What a powerful and imaginative lesson. I can't wait to gather posters over the summer and give this a go next year. I hope you share the final version of this poem!

Author Amok said...

Hi, everyone. Thanks for your comments. I am safely in Florida and the little one is asleep!

I'm glad you all felt the power of this poem and were able to share this amazing experience. Once students walk through that door and realize they have a strong voice, they always have that voice available to them.

Tara -- let me know how it goes when you try the lesson.

Linda B said...

I have done this with different kinds of art, but always must have at least one person in it. I've never stuck with just a portrait, and having them step into 1st person for the poem. What a wonderful challenge & what support you must have given them in just a brief time. This poem is quite personal, & those final two lines. inevitable. What an intuitive girl Malaika is.

Ruth said...

How wonderful is it to get to experience these moments with young writers? The best thing about teaching!

rena traxel said...

Oh wow. The last two lines are especially powerful.

Doraine said...

Oooh. That's beautiful. Nice work from teacher and student. Thanks for sharing such a wonderful moment.

violet said...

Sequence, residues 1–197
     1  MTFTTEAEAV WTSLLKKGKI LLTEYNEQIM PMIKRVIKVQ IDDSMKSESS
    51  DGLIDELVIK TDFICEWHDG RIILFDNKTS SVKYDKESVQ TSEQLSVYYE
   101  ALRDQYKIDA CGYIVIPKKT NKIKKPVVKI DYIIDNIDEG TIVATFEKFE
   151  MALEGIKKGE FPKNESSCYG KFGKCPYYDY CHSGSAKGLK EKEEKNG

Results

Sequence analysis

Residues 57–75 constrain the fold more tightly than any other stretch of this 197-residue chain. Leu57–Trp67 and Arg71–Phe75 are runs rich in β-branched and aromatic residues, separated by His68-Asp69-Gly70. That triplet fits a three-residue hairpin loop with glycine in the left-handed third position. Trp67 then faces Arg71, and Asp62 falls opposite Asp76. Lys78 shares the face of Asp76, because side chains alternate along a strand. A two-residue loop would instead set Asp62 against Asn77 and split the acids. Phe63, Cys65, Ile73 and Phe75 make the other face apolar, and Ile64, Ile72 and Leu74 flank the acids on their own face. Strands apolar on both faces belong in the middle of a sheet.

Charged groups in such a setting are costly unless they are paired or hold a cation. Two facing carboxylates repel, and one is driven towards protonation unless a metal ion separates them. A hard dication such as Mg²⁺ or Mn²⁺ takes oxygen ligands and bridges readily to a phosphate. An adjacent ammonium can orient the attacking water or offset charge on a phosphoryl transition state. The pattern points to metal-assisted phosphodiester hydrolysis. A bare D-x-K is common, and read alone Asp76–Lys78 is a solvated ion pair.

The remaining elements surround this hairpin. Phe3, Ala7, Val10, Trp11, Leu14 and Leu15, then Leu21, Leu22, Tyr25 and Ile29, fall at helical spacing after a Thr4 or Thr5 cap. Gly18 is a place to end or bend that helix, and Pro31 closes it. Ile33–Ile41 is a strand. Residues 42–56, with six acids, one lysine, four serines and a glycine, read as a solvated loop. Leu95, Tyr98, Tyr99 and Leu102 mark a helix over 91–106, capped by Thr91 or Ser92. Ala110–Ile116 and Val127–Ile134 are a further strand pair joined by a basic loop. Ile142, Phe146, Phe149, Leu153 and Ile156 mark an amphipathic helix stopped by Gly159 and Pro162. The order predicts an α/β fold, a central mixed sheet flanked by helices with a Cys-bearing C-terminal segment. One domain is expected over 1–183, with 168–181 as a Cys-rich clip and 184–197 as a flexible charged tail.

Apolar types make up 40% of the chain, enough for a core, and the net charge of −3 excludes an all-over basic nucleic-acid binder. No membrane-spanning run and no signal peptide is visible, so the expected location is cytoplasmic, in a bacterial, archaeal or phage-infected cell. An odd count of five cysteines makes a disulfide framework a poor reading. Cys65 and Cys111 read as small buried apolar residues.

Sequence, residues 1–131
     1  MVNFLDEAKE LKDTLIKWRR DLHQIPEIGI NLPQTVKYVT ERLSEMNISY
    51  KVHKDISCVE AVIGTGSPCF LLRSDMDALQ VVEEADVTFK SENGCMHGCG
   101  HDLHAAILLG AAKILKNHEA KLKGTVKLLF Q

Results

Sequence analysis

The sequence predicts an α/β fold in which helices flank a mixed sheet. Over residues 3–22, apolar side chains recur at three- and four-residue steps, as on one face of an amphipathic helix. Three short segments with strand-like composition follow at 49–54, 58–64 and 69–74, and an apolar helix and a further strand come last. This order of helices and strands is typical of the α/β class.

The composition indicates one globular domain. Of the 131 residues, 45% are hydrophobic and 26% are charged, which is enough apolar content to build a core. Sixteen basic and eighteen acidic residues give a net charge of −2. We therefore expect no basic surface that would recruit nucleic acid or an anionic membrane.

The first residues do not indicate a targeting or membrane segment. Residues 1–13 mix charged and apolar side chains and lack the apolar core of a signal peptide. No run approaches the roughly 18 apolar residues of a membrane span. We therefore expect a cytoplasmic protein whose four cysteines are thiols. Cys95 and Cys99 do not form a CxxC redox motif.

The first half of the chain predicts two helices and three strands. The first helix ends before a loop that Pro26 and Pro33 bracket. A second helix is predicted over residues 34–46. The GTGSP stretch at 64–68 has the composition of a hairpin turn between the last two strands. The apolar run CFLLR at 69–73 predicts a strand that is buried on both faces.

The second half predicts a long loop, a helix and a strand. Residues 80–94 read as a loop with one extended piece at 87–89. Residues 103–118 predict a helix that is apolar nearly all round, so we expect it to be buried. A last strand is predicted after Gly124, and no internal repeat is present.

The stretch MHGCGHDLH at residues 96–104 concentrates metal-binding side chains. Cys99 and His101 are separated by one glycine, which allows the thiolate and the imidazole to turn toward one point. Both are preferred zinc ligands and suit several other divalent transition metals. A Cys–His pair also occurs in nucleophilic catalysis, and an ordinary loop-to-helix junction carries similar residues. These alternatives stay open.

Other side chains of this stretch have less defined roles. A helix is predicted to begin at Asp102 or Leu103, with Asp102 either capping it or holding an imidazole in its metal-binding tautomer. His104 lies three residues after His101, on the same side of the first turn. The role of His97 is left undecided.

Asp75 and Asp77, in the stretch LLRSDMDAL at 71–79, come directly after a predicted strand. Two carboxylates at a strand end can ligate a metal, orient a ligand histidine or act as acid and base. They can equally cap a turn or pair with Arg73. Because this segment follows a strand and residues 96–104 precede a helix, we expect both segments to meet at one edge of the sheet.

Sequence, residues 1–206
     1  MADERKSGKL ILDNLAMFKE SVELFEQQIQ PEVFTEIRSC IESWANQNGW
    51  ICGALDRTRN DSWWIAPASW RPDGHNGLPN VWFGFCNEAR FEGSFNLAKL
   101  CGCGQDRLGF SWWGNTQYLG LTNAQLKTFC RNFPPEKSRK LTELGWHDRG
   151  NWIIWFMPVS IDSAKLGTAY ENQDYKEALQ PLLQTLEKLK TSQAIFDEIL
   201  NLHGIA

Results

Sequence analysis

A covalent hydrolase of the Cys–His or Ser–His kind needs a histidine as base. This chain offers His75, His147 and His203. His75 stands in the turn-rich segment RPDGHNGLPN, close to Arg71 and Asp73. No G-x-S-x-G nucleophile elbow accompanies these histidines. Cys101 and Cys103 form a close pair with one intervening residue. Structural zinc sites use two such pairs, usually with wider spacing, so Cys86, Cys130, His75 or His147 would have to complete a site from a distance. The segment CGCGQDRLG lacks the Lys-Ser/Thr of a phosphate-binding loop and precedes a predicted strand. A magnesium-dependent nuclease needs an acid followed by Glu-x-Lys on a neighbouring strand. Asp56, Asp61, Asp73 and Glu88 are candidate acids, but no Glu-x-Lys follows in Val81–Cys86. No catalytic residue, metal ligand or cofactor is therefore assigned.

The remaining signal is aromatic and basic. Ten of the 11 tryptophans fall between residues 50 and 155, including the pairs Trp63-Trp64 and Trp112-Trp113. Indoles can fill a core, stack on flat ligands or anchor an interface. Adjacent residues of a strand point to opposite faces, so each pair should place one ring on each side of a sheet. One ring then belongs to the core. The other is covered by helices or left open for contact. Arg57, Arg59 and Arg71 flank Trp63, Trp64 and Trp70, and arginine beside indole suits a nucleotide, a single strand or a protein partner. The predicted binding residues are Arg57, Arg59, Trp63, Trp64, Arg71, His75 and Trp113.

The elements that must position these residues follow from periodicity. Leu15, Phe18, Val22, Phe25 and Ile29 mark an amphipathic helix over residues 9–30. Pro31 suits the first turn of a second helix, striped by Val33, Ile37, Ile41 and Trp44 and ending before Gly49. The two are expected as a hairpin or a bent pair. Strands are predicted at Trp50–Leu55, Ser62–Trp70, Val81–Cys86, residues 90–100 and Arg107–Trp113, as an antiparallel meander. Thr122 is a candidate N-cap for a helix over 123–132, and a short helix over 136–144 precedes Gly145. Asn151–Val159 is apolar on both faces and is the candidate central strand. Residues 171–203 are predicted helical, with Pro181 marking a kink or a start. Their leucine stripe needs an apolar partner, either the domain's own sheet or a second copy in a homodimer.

What a powerful poem. That poetry-writing and -reading experience may be life-changing for Malaika. It's amazing how many writers got their start in an elementary school affirmation moment like the one you provided in your class.

Author Amok said...

Thanks, everyone. I'm so glad that this poem reads as powerfully on the screen as it did in person.

This is what a poetry residency is all about -- giving kids exposure to a different style of writing than their regular classroom assignments. It's amazing how many of them shine when they have the opportunity to write -- no grades, limited boundaries.

Heidi Mordhorst said...

Oh my! "Her dust finds its way back." Laura, you (and Ms. Salazar) must have created a very safe space for that shared and personal experience.

Writing from art of all kinds--portraits, photography, landscapes--and artifact always works well in classrooms because it moots the scary question of what to write about. "It's in front of you: pick the one that reaches out and grabs you. Now go." Wonderful lesson, and I can see how to make it work with K, too!